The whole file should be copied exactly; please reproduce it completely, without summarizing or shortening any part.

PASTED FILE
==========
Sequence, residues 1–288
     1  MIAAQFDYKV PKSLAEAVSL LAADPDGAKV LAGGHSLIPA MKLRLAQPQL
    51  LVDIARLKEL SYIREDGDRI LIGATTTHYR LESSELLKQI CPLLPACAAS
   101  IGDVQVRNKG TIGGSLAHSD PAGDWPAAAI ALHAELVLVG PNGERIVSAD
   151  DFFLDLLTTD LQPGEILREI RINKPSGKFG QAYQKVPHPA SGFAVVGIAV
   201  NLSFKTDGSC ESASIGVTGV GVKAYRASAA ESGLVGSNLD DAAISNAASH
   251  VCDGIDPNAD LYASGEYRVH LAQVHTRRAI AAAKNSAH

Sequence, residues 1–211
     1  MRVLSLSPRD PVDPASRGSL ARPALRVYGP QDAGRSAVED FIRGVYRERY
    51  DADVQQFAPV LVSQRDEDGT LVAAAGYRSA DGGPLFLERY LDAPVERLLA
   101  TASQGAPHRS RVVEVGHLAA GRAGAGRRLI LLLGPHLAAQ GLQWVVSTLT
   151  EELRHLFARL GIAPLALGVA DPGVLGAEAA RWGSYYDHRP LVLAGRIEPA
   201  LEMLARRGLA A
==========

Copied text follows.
Sequence, residues 1–288
     1  MIAAQFDYKV PKSLAEAVSL LAADPDGAKV LAGGHSLIPA MKLRLAQPQL
    51  LVDIARLKEL SYIREDGDRI LIGATTTHYR LESSELLKQI CPLLPACAAS
   101  IGDVQVRNKG TIGGSLAHSD PAGDWPAAAI ALHAELVLVG PNGERIVSAD
   151  DFFLDLLTTD LQPGEILREI RINKPSGKFG QAYQKVPHPA SGFAVVGIAV
   201  NLSFKTDGSC ESASIGVTGV GVKAYRASAA ESGLVGSNLD DAAISNAASH
   251  VCDGIDPNAD LYASGEYRVH LAQVHTRRAI AAAKNSAH

Sequence, residues 1–211
     1  MRVLSLSPRD PVDPASRGSL ARPALRVYGP QDAGRSAVED FIRGVYRERY
    51  DADVQQFAPV LVSQRDEDGT LVAAAGYRSA DGGPLFLERY LDAPVERLLA
   101  TASQGAPHRS RVVEVGHLAA GRAGAGRRLI LLLGPHLAAQ GLQWVVSTLT
   151  EELRHLFARL GIAPLALGVA DPGVLGAEAA RWGSYYDHRP LVLAGRIEPA
   201  LEMLARRGLA A